With Age Comes Grace and Also Less Punching

Back when I was watching the Chihayafuru anime, I began to associate the show in my head with the American cartoon franchise Ben 10. Even though their respective subject matters are worlds apart, both featured fiery tomboys of elementary school age whose later appearances would involve a time skip to high school where their hair is longer and their personality a little more mature. But where the transition for Chihaya felt right for me in the sense that she seems like the same character only older (and thus different in some ways but similar in others), Gwen’s change inBen 10: Alien Forcewound up seeming like an entirely different character to me. Not only her personality but even her character design turned out to be significantly different.

Of course I know why this is the case: Chihaya was planned from the start to have this age jump, as the episodes involving her childhood are mainly flashbacks and setup for the story proper where Chihaya starts her own karuta club, while there was clearly no original intention to have a time-skip sequel to Ben 10. When Alien Force did come around, it streamlined some of the elements of the previous series and in the process wound up as something of a break from its predecessor. At the same time, however, the fact that Chihaya is in many ways a similar character to Gwen just made me more aware of how this sort of transition can be done well.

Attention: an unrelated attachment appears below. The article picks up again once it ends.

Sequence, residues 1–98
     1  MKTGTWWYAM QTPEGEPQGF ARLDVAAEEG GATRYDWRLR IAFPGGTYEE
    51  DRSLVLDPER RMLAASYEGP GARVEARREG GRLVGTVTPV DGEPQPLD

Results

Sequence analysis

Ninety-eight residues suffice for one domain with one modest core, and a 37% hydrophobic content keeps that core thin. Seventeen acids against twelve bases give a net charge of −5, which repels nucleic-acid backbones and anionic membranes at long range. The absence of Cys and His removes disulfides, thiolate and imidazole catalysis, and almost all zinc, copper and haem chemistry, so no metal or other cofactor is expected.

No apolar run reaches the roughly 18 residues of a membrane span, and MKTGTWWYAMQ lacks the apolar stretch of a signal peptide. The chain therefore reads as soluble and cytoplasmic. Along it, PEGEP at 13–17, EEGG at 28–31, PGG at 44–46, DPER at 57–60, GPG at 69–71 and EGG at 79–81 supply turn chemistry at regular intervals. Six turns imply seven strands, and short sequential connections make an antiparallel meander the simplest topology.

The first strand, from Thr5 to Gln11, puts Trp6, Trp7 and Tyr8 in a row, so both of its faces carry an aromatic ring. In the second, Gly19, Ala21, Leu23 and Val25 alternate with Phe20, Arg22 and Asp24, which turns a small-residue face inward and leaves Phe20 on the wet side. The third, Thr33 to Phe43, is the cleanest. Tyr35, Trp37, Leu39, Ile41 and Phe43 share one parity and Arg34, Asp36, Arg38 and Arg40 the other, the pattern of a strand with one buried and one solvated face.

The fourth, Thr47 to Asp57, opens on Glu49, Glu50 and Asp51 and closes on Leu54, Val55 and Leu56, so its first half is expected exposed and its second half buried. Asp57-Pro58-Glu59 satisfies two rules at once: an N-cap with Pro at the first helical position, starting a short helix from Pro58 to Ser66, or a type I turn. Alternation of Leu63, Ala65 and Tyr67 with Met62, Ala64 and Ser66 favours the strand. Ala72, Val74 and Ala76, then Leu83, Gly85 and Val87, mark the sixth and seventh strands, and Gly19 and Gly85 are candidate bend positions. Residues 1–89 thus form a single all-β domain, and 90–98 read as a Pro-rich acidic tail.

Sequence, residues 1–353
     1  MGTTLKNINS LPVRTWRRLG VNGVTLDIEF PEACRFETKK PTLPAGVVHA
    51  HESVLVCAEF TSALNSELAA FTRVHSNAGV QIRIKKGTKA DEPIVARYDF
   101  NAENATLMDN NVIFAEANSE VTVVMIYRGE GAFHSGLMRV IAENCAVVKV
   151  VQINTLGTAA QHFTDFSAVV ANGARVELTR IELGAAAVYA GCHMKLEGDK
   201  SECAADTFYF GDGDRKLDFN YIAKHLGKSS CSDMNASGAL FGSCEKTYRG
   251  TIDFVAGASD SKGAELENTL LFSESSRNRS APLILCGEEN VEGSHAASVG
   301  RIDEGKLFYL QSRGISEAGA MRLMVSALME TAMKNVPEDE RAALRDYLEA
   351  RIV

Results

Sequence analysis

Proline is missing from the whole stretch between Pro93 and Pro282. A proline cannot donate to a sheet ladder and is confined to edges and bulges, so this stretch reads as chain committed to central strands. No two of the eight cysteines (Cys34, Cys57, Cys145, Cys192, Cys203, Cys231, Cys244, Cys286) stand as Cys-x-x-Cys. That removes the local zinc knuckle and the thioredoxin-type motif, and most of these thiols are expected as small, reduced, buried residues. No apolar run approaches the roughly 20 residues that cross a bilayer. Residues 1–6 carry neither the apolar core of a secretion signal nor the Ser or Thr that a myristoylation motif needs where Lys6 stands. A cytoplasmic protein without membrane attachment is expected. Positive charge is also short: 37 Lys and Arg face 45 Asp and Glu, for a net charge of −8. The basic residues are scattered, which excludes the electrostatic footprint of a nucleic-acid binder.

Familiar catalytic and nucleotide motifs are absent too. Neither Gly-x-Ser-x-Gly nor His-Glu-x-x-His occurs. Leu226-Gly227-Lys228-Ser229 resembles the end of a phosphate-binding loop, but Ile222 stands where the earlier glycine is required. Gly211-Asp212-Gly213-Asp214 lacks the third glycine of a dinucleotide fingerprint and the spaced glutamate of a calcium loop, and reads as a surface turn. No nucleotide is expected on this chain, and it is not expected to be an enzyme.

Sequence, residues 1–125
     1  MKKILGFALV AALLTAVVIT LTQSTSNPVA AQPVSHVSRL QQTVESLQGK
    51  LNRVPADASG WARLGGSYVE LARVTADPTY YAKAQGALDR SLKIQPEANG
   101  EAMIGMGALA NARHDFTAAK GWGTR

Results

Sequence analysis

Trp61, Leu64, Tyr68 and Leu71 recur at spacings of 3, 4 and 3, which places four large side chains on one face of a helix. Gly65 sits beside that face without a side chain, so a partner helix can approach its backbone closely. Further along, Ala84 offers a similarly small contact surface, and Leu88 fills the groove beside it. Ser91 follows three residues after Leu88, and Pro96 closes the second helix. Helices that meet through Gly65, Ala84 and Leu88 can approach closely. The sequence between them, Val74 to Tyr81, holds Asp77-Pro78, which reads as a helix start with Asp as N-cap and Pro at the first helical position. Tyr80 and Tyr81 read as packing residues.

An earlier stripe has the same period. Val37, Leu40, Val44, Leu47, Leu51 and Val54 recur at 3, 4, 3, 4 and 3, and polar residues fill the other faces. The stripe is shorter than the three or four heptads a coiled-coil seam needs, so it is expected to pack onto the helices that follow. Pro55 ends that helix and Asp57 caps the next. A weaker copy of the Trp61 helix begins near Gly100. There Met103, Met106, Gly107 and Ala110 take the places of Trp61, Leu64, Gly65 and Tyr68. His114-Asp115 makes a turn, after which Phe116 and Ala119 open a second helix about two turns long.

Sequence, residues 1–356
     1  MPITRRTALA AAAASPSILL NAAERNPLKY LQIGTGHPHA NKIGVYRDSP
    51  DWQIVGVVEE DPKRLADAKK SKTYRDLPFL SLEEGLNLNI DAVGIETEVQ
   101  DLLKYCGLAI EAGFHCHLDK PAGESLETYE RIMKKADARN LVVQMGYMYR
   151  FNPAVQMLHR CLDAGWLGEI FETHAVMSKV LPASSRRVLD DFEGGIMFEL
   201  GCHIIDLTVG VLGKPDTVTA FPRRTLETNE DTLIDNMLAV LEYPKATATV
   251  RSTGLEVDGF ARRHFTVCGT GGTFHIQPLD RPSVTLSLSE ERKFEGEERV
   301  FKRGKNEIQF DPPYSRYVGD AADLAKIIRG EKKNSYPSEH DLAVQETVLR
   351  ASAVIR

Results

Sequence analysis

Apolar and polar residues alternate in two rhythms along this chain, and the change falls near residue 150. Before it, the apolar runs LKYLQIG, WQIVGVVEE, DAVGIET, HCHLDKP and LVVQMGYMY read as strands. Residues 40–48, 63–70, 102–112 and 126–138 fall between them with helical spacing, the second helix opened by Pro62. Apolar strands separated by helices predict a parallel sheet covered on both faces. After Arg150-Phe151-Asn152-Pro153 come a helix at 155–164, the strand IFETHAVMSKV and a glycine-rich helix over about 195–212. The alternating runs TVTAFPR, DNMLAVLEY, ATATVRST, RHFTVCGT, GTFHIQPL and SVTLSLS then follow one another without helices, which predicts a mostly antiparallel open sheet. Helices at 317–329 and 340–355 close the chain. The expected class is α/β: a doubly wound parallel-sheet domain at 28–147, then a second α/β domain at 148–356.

By the way, Chihayafuru season 2 was just announced today, but I swear that my posting this is merely coincidence. If I had that sort of power I’d use it for better things, like a Fujoshissu! anime.

Heroman? What About Villainman?

Question: What’s the difference between Anpanman and Heroman?

The answer is, Anpanman has an arch-enemy.

I recently finished Heroman, the BONES collaboration with American comics legend Stan Lee, and while the show had some positive qualities to it, it fell flat overall, due in no small part to a long run of episodes in the middle which pretty much just meandered about. But in the list of things the show could have done better, what really stood out to me was how Heroman and Joey Jones never got a proper supervillain to call their own. Sure, Heroman and Joey have adversaries and rivals, namely the insectoid Skrugg and their leader Gogorr, as well as Dr. Minami and “Anime Flash Thompson,” but none of them felt quite right, even if two out of the three turned out interesting in the end.

Gogorr had the most potential to be an arch-enemy.  As a galactic conqueror that can augment and evolve his body for combat, he bears a great resemblance to Vilgax, the primary villain in the American cartoon Ben 10, but the main difference here is that, unlike Gogorr, I would most definitely consider Vilgax to be Ben Tennyson’s arch-enemy. With Ben and Vilgax, not only could you sense a greater degree of personal animosity between the two, but Vilgax’s actions directly cause Ben to get his powers in the first place. In contrast, Gogorr feels a little too distant from Joey both emotionally and thematically to be a proper nemesis. Another factor is that the way Gogorr is presented makes him feel a little too powerful to be an arch-enemy, too much of a Goliath to Heroman’s David, and too much of an Archmage to Heroman’s Goliath.

Left: Vilgax, Right: Gogorr